“In May, Texas Gov. Greg Abbott (R) signed a state law that effectively bans abortions after the sixth week of pregnancy — sooner than many people learn they are pregnant. This law violates the ruling in Planned Parenthood v. Casey (1992), which protects “the right of the woman to choose to have an abortion before viability and to obtain it without undue interference from the state.”
Nevertheless, the law took effect on Wednesday after a Supreme Court dominated by Republican appointees refused to grant a group of litigants’ emergency request and block it. Twenty-four hours later, the Court handed down a very brief order formally holding that the law may take effect.
The Court’s non-action on the Texas law almost certainly foreshadows a more explicit attack on abortion rights in a future case, and the Court is already scheduled to decide another abortion case next year.”
“SB 8 is unlike most other laws in that it was written to prevent courts from blocking it before it takes effect.
The anti-abortion law, which is before the Supreme Court in a case called Whole Woman’s Health v. Jackson, presents a maze of procedural complexities that are rarely seen in even the most complicated litigation. The law appears to have been drafted to intentionally frustrate lawsuits challenging its constitutionality. And Texas, with an assist from a right-wing appellate court, has thus far manipulated the litigation process to prevent any judge from considering whether SB 8 is lawful.
The stakes in this case are astronomical. Six weeks into a pregnancy is often very soon after a pregnant person misses their first menstrual period. So they may not even be aware that they are pregnant until it is too late. According to the abortion providers who are suing to block SB 8, at least 85 percent of abortions in Texas take place after the sixth week of pregnancy. Those abortions are now illegal under SB 8.
And the stakes in Whole Woman’s Health stretch far beyond abortion. SB 8 was drafted to frustrate judicial review before the law took effect. Now that the Supreme Court appears to have embraced this tactic, other states could copy it, potentially allowing states to enact all kinds of unconstitutional practices that can’t be challenged until after an unconstitutional law takes effect.”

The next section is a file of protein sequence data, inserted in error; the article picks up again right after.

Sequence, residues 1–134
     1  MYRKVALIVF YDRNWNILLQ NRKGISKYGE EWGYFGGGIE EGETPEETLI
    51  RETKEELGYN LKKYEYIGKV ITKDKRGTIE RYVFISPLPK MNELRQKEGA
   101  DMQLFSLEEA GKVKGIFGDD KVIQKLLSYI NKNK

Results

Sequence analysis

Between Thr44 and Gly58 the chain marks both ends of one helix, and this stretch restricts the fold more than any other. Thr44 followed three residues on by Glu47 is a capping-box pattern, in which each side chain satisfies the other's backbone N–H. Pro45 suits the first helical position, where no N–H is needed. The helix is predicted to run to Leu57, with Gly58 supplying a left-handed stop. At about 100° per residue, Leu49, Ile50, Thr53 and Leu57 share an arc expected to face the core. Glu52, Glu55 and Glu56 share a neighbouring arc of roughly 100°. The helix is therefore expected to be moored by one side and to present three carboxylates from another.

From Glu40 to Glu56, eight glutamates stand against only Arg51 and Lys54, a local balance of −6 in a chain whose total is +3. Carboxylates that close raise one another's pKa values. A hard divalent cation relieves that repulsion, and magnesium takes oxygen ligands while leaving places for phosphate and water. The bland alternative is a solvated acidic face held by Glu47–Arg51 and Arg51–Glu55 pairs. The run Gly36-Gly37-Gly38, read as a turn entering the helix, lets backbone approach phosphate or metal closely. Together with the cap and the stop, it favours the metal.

“The way it’s written, a Texan who objects to SB 8 may have no one they can sue to stop it from taking effect.
For one, abortion rights plaintiffs can’t sue their state directly. The ordinary rule is that when someone sues a state in order to block a state law, they cannot sue the state directly. States benefit from a doctrine known as “sovereign immunity,” which typically prevents lawsuits against the state itself.
But they also can’t really follow the same path that most citizens who want to stop laws do. That path relies on Ex parte Young (1908), a decision in which the Supreme Court established that someone raising a constitutional challenge to a state law may sue the state officer charged with enforcing that law — and obtain a court order preventing that officer from enforcing it. So, for example, if Texas passed a law requiring the state medical board to strip all abortion providers of their medical licenses, a plaintiff could sue the medical board. If a state passed a law requiring state police to blockade abortion clinics, a plaintiff might sue the chief of the state’s police force.
Part of what makes SB 8 such a bizarre law is that it does not permit any state official to enforce it. Rather, the statute provides that it “shall be enforced exclusively through . . . private civil actions.”